What are the main differences between a Chapter 7 Bankruptcy and a Chapter 13 Bankruptcy? Sometimes, it helps to peel the onion back, layer by layer, and go back to the basics. What are the primary differences between a Chapter 7 and Chapter 13 Bankruptcy? We will leave the question of which one you should file for a different day.
If you boil it down to the nub, in a Chapter 7 Bankruptcy you make no payments back to your creditors, in a Chapter 13 Bankruptcy you do make payments back your creditors. Now, let’s dig a little deeper.
In a Chapter 7 Bankruptcy, the focus is on your assets, are they exempt and protected or are they non-exempt and the bankruptcy trustee will sell them, collect money, and disburse those proceeds to your creditors pro rata. In the vast majority of cases, debtors have no non-exempt assets. Everything the debtor has is exempt or protected. Thus, when the process is over, your liability on your debts is “discharged” or wiped out, and you get to keep all of your assets.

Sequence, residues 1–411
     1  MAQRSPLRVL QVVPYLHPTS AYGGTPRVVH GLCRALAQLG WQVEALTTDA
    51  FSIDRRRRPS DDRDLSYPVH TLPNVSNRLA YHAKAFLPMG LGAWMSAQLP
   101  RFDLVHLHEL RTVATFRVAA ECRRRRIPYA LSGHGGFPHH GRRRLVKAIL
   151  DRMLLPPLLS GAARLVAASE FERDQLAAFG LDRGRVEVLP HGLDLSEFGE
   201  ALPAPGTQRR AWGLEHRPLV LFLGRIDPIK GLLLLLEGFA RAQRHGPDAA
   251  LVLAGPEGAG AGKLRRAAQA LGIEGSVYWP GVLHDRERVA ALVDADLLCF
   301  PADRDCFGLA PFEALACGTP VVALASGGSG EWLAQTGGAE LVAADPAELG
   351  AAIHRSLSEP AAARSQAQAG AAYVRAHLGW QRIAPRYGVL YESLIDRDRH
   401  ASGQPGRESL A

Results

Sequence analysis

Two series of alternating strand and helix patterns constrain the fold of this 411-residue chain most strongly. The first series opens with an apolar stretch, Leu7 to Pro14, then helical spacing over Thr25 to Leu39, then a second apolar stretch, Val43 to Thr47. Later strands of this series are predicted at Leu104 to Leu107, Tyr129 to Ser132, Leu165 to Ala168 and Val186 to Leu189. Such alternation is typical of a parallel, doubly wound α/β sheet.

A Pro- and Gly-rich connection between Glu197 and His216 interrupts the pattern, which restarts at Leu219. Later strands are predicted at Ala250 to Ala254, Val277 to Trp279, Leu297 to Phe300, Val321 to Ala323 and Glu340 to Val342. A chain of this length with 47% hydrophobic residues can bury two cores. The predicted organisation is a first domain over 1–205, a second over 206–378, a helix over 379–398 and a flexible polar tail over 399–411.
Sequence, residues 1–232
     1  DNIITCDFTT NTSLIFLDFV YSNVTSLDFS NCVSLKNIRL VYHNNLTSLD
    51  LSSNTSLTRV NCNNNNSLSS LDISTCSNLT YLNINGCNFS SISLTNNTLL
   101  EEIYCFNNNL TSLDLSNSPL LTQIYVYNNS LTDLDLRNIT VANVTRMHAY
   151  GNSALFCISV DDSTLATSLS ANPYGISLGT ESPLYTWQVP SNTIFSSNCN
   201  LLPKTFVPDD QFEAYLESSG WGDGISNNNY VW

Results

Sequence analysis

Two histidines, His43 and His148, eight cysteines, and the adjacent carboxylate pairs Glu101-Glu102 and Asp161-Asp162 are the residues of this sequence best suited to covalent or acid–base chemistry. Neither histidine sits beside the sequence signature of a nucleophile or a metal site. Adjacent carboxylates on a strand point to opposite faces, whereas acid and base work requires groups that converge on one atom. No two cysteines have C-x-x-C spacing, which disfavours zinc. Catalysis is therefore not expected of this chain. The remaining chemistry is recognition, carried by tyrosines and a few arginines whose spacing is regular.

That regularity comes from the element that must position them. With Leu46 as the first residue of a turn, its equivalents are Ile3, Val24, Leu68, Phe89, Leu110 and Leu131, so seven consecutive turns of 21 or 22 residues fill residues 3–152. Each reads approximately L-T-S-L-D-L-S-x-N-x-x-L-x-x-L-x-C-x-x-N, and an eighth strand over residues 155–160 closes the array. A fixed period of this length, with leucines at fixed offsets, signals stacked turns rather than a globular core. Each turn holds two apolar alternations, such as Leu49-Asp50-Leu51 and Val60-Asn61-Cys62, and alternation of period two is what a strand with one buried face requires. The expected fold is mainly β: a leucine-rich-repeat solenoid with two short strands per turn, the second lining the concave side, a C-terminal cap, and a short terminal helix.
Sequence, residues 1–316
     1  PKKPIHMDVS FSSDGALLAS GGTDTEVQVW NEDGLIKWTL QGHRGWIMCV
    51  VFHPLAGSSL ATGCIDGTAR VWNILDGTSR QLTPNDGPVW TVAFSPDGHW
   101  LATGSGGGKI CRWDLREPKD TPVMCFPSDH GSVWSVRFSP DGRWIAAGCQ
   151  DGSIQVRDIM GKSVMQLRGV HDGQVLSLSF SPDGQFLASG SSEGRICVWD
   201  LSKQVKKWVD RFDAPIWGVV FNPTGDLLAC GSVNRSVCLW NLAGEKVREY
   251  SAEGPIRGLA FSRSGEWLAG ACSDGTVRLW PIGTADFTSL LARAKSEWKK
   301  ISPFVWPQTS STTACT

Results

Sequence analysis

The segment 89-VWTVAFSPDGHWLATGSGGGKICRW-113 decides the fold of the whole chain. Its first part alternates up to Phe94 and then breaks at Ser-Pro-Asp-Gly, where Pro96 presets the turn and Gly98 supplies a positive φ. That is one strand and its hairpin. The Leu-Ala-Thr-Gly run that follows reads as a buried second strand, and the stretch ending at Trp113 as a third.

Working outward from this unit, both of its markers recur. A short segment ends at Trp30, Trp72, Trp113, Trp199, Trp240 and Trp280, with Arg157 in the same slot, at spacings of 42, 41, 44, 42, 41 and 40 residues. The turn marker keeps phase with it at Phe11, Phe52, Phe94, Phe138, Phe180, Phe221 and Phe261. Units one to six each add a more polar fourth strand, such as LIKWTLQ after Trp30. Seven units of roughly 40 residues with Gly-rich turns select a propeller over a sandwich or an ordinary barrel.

In a Chapter 13 Bankruptcy, the focus is not on your assets, it is on your income and expenses. You make payments back to your creditors over the course of a minimum 36 month plan or a maximum 60 month plan. The payment you make is based primarily on the difference between your net income and what is left over after you pay your reasonable and necessary expenses. You get to live! Whatever amount of debt that remains unpaid at the end of the plan, is “discharged” or wiped out.
In both a Chapter 7 Bankruptcy and a Chapter 13 Bankruptcy, the debts that get “discharged” or wiped out get wiped out, tax free!
With the above said, the vast majority of debt is not disputed or contingent. It is fixed. Most guests don’t have any real dispute about the debt they owe. I signed a contract for a credit card and I incurred the debt. Period!